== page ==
The Real Benefit of Delofting
We’ve all seen pictures of pros delofting their clubs at impact and many teachers promoting such
technique as good practice. The most cited benefit of delofting is distance gain. E.g. if we take an
8 iron and lean it forward toward the target, the loft of the 8 iron could be reduced to the
equivalence of a 7 iron. This does sends the ball farther. However, have you ever wondered why
they don’t just use a 7 iron and hit it normally? Or why some tour pros talk about delofting even
with their drivers with which one would want to hit up so the ball has enough height and low spin
for maximum distance?
Let’s take a deeper look at the consequences of delofting by comparing two swing sequences
side by side. The pictures on the left side are from a ‘normal’ (non-delofted) swing while the ones
on the right are from a delofted swing. As the club approaches the ball (see below), they look very
similar to each other with the delofted clubhead on the right coming in slightly higher.
At impact (see below) the left wrist is fully unhinged in the ‘normal’ swing on the left. (I.e. the left
arm and the club form a straight line.) The delofted swing on the right retains some angle
between the left arm and the shaft. The yellow lines in both pictures trace the paths of the
clubhead and the two paths look similar. Upon a closer look, you will find that the delofted path is
a bit steeper (i.e. more of a descending blow) into the ball. This is why golfers feel that they ‘trap’
the ball against the ground better when they deloft and the ball comes out with more spin (a benefit
in and of itself).
In Depth: Real Benefit of Delofting
The most revealing pictures are the post-impact ones below. The ‘normal’ swing on the left has a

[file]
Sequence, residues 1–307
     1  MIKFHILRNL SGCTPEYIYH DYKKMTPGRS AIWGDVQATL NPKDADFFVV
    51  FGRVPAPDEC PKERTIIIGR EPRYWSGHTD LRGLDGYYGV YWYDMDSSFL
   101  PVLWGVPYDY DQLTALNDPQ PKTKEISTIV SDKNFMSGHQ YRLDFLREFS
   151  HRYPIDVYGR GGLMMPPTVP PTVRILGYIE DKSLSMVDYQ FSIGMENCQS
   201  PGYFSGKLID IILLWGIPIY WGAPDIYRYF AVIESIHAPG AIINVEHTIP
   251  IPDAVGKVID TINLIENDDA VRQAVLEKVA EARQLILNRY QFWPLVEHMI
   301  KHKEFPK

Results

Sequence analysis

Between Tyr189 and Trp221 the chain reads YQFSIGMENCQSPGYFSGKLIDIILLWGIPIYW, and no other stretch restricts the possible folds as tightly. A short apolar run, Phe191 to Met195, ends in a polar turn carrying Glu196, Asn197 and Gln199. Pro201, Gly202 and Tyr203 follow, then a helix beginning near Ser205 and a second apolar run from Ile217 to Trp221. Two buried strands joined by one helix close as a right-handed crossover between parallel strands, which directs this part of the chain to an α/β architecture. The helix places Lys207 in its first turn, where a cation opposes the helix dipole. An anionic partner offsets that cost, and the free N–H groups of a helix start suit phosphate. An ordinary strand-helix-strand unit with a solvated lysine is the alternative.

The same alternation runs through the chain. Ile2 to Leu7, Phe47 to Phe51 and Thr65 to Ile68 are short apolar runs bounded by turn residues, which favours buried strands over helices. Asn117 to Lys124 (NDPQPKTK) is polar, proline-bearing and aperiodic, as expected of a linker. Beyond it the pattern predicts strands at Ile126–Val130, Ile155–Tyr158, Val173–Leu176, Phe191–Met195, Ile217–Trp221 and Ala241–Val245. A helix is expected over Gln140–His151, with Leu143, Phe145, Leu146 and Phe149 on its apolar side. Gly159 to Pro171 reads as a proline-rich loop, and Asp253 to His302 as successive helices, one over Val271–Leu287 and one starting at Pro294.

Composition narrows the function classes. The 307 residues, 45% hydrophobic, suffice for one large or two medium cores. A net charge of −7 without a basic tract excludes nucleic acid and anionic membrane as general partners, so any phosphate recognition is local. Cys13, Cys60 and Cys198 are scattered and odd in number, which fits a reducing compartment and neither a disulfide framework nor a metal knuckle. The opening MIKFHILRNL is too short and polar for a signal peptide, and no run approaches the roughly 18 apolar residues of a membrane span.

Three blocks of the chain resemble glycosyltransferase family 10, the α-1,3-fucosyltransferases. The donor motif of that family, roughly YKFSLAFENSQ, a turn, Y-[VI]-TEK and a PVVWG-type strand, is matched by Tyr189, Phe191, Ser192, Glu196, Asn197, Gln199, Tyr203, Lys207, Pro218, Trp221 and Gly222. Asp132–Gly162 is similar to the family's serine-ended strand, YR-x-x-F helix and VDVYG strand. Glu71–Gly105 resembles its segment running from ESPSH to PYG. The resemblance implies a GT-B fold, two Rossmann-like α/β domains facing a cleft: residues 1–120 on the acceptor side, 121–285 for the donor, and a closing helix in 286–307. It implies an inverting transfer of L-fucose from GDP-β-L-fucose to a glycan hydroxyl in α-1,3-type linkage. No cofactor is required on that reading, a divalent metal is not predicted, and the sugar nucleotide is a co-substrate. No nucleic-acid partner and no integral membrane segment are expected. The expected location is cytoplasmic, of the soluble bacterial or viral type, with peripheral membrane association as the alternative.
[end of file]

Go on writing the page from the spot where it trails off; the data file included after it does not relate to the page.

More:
rounded clubhead path (yellow line) with the low point right at impact. The delofted swing path on
the right is much flatter at the bottom due to the gradual unhinging of the left wrist through the
The swing on the left has very little margin of error. If the golfer misses the swing bottom just a
little bit behind or in front of the ball, the result will be a thin or fat shot. The divots from the swing
tend to be deep and narrow. In contrast, the flatter bottom on the right affords a much greater
margin. One can still make a decent contact even if the bottom of the swing is missed by an inch
either way. The divots will also be shallower and longer. Here lies the true benefit of delofting—
greater margin and, thus, easier to make solid contact.
With a driver, although we are no longer hitting down on the ball, a flatter bottom still gives us more
margin to catch the ball on the sweet spot. The only difference is that the flat bottom of a driver will
be angling slightly upward to catch the ball when the clubhead is ascending.
Click the links below to see tour pros demonstrating this in tournament plays.
Trevor Immelman: http://www.youtube.com/watch?v=rBosTCApYxI
Sean O’Hair: http://www.youtube.com/watch?v=v7syEPDKm_U